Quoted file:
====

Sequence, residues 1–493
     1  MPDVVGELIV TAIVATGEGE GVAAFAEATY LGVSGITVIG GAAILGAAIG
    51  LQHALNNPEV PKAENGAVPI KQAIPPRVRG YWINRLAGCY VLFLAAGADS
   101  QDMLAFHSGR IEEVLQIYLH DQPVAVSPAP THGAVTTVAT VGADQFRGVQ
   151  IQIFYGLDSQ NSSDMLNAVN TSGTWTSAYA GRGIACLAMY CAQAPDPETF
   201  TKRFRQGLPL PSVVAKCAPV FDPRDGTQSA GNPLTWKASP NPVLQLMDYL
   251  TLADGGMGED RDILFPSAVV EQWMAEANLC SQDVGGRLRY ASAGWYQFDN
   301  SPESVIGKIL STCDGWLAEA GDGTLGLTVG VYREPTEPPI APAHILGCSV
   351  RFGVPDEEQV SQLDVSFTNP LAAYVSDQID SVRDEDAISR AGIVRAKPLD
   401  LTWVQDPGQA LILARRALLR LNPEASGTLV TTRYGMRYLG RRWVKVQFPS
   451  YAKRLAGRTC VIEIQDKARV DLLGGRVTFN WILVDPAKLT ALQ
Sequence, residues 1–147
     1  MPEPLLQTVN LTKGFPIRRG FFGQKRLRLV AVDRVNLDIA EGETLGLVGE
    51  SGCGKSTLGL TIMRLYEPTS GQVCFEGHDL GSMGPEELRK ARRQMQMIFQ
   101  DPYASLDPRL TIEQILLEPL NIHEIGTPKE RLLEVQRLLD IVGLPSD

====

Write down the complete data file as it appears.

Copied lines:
Sequence, residues 1–493
     1  MPDVVGELIV TAIVATGEGE GVAAFAEATY LGVSGITVIG GAAILGAAIG
    51  LQHALNNPEV PKAENGAVPI KQAIPPRVRG YWINRLAGCY VLFLAAGADS
   101  QDMLAFHSGR IEEVLQIYLH DQPVAVSPAP THGAVTTVAT VGADQFRGVQ
   151  IQIFYGLDSQ NSSDMLNAVN TSGTWTSAYA GRGIACLAMY CAQAPDPETF
   201  TKRFRQGLPL PSVVAKCAPV FDPRDGTQSA GNPLTWKASP NPVLQLMDYL
   251  TLADGGMGED RDILFPSAVV EQWMAEANLC SQDVGGRLRY ASAGWYQFDN
   301  SPESVIGKIL STCDGWLAEA GDGTLGLTVG VYREPTEPPI APAHILGCSV
   351  RFGVPDEEQV SQLDVSFTNP LAAYVSDQID SVRDEDAISR AGIVRAKPLD
   401  LTWVQDPGQA LILARRALLR LNPEASGTLV TTRYGMRYLG RRWVKVQFPS
   451  YAKRLAGRTC VIEIQDKARV DLLGGRVTFN WILVDPAKLT ALQ
Sequence, residues 1–147
     1  MPEPLLQTVN LTKGFPIRRG FFGQKRLRLV AVDRVNLDIA EGETLGLVGE
    51  SGCGKSTLGL TIMRLYEPTS GQVCFEGHDL GSMGPEELRK ARRQMQMIFQ
   101  DPYASLDPRL TIEQILLEPL NIHEIGTPKE RLLEVQRLLD IVGLPSD